Tim Kaine, Religion & Democracy: Reflections from a Life in Public Service

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Senator Tim Kaine delivered the 2020 Joseph Smith Lecture on Thursday, Nov. 5. This year’s program was jointly hosted by the University of Virginia’s Department of Religion and the Frank Batten School of Leadership and Public Policy. Batten School Dean Ian H. Solomon provided introductory remarks, followed by a lecture from Senator Kaine and questions from the audience. Bushman Professor of Mormon Studies Kathleen Flake served as moderator.

The Senator has helped people throughout his life as a missionary, civil rights lawyer, teacher, and elected official. He is one of only 30 people in American history to have served as a Mayor, Governor and United States Senator. He currently serves on the Armed Services; Budget; Foreign Relations; and Health, Education, Labor, and Pensions (HELP) Committees. He is Ranking Member of the Armed Services Readiness Subcommittee and the Foreign Relations Subcommittee on Near East, South Asia, Central Asia, and Counterterrorism.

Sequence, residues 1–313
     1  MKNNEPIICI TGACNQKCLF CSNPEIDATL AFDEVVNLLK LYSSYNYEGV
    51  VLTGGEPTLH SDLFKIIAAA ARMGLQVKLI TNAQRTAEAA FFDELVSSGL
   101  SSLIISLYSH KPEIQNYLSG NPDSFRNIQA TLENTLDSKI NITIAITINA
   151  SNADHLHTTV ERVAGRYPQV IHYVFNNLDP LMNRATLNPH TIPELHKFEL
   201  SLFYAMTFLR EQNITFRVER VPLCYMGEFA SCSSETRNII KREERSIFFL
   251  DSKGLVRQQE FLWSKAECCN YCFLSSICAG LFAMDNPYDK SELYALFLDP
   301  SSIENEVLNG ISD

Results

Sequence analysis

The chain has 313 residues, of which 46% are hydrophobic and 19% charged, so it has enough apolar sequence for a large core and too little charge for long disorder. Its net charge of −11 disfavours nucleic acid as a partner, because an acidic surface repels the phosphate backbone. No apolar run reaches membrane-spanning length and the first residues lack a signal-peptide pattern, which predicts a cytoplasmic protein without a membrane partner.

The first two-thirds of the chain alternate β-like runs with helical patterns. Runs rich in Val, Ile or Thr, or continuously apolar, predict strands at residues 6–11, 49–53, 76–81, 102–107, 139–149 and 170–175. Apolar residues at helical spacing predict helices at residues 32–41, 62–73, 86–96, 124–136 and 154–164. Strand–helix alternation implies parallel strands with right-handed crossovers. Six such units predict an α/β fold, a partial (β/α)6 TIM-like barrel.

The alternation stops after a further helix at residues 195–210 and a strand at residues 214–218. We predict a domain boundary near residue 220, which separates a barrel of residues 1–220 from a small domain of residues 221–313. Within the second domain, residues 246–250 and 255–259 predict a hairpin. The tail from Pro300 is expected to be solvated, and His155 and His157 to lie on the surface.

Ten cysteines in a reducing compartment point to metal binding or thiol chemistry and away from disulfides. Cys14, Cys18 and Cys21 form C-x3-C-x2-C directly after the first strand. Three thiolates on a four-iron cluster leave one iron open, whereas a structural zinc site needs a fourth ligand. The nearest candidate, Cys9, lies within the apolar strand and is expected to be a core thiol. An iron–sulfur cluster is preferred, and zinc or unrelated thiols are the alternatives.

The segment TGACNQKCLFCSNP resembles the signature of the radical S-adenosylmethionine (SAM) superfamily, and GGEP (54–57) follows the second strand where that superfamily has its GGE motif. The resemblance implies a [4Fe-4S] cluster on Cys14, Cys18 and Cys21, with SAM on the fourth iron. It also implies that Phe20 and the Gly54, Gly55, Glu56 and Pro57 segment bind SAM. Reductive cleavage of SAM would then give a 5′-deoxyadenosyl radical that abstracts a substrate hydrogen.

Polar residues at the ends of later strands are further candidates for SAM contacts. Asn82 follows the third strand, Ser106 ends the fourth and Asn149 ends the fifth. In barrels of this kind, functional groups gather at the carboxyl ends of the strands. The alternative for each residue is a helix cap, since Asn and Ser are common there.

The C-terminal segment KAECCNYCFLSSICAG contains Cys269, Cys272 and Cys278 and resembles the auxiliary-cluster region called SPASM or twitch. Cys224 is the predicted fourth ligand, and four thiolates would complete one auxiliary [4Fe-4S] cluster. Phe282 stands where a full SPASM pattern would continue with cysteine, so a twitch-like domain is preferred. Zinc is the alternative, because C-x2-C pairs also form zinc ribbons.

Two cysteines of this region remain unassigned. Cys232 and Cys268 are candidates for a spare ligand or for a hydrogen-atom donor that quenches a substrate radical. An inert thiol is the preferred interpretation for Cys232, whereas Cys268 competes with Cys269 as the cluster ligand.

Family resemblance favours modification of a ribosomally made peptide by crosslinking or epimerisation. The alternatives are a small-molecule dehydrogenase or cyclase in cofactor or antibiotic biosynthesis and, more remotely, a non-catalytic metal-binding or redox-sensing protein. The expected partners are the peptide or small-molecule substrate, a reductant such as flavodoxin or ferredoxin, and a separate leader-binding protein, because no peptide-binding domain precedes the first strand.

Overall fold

After graduating from the University of Missouri, Senator Kaine started his public service career by running a technical school founded by Jesuit missionaries in Honduras, equipping teenagers with skills to lift up themselves and their communities. He has described these years as his “North Star” which reinforced three core values that guide his personal and professional life today: “Fè, familia, y trabajo” – “Faith, family, and work.” As the 2020 Joseph Smith Lecturer, the Senator will reflect on the role of religion in sustaining democracy and its political institutions.

Highlights

Full Lecture